How long shall the fair daughters of Africa be compelled to bury their minds and talents beneath a load of iron pots and kettles? Until union, knowledge and love begin to flow among us. How long shall a mean set of men flatter us with their smiles, and enrich themselves with our hard earnings; their wives' finger's sparkling with rings, and they themselves laughing at our folly? Until we begin to promote and patronize each other. Shall we be a by-word

among the nations any longer? Shall they laugh us to scorn forever? Do you ask, what can we do? Unite and build a store of your own, if you cannot procure a license. Fill one side with dry goods, and other with groceries. Do you ask, where is the money? We have spent more than enough for nonsense, to do what building we should want. We have never had an opportunity of displaying our talents; therefore the world thinks we know nothing. And we have been possessed of by far too mean and cowardly a disposition, though I highly disapprove of an insolent or impertinent one. Do you ask the disposition I would have you possess? Possess the spirit of independence. The Americans do, and why should not you? Possess the spirit of men, bold and enterprising, fearless and undaunted. Sue for your rights and privileges. Know the reason that you can attain them. Weary them with your importunities. You can but die, if you make the attempt; and we shall certainly die if you do not. The Americans have practiced nothing but head-work these 200 years, and we have done their drudgery. And is it not high time for us to imitate their examples, and practise head-work too, and keep what we have got, and get what we can? We need never to think that any body is going to feel interested for us, if we do not feel interested for ourselves. That day we, as a people, hearken unto the voice of the Lord our God, and walk in his ways and ordinances, and become distinguished for our ease, elegance and grace, combined with other virtues,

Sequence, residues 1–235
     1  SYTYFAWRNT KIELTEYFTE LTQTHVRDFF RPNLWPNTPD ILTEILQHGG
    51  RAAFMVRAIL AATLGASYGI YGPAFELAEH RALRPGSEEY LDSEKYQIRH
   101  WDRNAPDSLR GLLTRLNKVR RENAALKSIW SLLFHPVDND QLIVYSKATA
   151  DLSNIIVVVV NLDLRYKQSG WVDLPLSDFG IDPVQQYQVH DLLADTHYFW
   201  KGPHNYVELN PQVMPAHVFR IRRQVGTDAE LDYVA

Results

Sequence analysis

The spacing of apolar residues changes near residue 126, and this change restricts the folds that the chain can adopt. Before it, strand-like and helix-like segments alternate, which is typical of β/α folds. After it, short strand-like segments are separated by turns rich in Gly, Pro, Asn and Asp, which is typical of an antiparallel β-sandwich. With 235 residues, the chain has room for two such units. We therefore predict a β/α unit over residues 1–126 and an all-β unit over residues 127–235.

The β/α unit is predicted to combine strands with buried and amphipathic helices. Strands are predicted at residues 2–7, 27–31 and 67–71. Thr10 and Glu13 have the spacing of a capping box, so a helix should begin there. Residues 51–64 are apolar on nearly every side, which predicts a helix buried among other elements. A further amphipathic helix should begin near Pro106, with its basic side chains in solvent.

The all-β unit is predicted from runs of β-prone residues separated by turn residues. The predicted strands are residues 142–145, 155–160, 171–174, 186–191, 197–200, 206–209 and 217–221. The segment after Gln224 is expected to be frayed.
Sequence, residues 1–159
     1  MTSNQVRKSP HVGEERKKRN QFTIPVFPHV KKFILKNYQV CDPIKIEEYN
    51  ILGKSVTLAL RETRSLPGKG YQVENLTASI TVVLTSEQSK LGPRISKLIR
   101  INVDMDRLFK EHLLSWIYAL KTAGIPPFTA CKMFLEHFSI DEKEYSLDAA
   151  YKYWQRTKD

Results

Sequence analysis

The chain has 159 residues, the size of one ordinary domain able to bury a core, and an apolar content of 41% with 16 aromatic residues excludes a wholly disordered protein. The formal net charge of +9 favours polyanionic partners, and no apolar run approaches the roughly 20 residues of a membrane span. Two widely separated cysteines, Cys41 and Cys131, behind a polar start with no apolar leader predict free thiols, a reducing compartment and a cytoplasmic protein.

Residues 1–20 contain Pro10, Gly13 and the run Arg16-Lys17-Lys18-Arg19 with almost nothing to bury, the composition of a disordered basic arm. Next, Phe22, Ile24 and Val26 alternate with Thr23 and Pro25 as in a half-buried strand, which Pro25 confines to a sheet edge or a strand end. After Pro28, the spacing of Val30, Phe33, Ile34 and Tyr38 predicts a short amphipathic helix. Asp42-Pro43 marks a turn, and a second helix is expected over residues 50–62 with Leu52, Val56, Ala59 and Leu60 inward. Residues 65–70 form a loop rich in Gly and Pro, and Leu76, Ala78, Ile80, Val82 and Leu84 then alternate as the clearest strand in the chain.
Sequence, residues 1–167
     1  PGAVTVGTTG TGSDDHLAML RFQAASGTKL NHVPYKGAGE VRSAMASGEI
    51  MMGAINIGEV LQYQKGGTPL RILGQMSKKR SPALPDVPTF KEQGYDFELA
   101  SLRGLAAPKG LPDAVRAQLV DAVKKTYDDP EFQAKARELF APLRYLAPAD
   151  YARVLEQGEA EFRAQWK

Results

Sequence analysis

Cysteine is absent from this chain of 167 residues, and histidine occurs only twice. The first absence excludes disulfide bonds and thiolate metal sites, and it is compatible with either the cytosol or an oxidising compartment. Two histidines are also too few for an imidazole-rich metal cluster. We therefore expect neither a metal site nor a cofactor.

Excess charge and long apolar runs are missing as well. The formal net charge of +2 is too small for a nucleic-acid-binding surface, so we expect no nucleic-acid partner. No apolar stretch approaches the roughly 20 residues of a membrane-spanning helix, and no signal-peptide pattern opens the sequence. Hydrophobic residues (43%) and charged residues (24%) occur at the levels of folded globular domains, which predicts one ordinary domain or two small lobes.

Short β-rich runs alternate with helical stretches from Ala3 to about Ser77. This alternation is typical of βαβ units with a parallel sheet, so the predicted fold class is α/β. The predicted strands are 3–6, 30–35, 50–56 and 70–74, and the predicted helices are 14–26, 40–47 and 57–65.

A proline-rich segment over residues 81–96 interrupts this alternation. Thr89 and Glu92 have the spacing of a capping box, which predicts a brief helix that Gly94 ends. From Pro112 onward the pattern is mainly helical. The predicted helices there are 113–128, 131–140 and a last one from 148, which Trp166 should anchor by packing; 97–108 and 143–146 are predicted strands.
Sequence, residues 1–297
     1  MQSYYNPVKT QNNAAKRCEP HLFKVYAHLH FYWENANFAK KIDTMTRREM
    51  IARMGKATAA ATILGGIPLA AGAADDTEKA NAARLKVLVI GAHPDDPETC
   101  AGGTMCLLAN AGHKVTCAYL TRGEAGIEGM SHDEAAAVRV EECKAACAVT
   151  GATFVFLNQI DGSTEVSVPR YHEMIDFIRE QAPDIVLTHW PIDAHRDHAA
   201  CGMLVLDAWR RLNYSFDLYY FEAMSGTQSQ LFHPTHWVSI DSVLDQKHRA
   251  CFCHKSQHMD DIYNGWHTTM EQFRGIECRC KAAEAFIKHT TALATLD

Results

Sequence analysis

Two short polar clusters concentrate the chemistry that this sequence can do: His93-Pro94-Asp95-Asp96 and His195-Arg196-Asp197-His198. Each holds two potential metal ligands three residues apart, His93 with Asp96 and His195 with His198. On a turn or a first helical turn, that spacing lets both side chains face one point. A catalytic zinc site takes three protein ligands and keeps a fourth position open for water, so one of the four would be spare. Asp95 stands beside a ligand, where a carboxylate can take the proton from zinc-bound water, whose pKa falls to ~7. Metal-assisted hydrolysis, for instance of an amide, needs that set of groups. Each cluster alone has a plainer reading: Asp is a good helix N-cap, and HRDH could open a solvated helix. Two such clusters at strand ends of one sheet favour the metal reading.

that day the Lord will raise us up, and enough to aid ago befriend us, and we shall begin to flourish.